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Compositories and gleaves

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Cecilia Flori and Tobias Fritz

Sheaves are objects of a local nature: a global section is determined by
how it looks locally. Hence, a sheaf cannot describe mathematical
structures which contain global or nonlocal geometric information. To fill
this gap, we introduce the theory of ``gleaves'', which are presheaves
equipped with an additional ``gluing operation'' of compatible pairs of
local sections. This generalizes the *conditional product* structures
of Dawid and Studeny, which correspond to gleaves on distributive
lattices. Our examples include the gleaf of metric spaces and the gleaf of
joint probability distributions. A result of Johnstone shows that a
category of gleaves can have a subobject classifier despite not being
cartesian closed.

Gleaves over the simplex category $\Delta$, which we call compositories,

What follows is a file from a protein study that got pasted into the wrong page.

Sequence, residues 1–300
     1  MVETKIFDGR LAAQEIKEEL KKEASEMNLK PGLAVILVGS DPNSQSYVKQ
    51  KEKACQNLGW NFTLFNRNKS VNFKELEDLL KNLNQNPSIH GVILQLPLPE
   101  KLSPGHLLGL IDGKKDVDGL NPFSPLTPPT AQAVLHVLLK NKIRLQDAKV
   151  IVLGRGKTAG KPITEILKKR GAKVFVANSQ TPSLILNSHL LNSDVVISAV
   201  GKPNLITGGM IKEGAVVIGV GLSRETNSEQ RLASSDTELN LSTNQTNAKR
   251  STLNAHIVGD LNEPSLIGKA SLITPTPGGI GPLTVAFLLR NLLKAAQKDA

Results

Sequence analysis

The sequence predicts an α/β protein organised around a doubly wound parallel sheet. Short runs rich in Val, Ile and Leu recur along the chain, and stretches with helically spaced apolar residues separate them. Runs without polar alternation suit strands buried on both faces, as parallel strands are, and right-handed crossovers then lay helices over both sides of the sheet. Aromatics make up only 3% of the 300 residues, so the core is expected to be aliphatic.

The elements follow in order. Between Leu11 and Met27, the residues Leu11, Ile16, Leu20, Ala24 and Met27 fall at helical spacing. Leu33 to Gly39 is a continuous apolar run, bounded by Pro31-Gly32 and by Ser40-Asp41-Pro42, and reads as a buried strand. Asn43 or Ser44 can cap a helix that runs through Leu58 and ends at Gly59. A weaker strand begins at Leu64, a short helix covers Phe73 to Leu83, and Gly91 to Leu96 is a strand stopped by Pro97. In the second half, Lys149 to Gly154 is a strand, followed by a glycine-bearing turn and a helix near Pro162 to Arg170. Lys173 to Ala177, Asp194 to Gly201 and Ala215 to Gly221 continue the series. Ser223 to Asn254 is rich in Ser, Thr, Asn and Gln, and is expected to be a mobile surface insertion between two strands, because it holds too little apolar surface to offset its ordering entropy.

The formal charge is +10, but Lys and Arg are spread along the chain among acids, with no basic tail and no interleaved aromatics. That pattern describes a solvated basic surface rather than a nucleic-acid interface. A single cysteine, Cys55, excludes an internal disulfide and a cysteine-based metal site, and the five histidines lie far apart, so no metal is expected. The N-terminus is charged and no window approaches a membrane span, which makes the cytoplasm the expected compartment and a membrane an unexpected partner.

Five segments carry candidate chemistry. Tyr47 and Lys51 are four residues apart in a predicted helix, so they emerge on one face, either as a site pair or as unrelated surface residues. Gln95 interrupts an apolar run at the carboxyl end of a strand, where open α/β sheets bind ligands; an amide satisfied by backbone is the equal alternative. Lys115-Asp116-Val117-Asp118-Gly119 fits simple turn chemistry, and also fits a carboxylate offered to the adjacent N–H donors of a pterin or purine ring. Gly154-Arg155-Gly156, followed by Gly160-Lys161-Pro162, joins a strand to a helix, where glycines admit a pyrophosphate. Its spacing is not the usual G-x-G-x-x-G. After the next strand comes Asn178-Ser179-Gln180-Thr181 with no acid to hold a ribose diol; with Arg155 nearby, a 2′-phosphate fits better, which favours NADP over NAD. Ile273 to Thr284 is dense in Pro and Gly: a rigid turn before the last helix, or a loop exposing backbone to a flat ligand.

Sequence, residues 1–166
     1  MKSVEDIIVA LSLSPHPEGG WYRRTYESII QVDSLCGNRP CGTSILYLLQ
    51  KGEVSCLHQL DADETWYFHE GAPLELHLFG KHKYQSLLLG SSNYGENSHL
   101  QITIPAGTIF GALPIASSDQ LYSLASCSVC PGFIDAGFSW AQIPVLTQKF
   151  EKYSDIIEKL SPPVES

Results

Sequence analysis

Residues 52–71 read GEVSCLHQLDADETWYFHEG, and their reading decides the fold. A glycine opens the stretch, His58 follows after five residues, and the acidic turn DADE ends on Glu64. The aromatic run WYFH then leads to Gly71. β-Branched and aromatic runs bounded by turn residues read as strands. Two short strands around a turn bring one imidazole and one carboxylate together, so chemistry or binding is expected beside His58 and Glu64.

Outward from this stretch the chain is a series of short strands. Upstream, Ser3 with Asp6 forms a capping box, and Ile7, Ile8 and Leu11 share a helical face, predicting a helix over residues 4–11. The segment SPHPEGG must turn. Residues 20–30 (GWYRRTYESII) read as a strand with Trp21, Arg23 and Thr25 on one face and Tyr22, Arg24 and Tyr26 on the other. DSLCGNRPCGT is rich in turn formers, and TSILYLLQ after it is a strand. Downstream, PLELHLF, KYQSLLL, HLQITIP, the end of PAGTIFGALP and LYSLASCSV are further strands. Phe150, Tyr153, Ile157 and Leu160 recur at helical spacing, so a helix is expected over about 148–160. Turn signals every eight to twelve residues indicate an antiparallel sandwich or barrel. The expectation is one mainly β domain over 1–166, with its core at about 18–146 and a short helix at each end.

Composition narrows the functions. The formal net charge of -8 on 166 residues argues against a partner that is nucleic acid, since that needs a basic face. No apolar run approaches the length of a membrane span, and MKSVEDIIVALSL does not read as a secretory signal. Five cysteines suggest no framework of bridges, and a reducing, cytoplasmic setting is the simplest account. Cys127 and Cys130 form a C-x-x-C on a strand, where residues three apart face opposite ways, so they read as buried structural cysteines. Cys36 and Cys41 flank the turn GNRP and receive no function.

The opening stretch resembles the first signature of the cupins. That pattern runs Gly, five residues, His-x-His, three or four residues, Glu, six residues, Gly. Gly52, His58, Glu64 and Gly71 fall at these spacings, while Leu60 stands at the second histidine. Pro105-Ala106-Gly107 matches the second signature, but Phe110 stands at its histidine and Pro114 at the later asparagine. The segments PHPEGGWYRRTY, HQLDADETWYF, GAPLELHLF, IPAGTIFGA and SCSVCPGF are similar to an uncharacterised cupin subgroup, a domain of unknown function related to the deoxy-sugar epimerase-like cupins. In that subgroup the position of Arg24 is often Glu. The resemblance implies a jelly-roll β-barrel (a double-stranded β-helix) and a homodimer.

can be interpreted as a new kind of higher category in which the
composition of an m-morphism and an n-morphism along a common
k-morphism face results in an (m+n-k)-morphism. The distinctive
feature of this composition operation is that the original morphisms can
be recovered from the composite morphism as initial and final faces.
Examples of compositories include nerves of categories and compositories
of higher spans.

Keywords:
sheaf theory, uniqueness of gluing, nerve of a category, higher span,
conditional product distribution, Lawvere metric space, relational
database

2010 MSC:
Primary 18F20, Secondary 18A99, 18F10

*Theory and Applications of Categories,*
Vol. 31, 2016,
No. 33, pp 928-988.

Published 2016-10-23.

http://www.tac.mta.ca/tac/volumes/31/33/31-33.pdf

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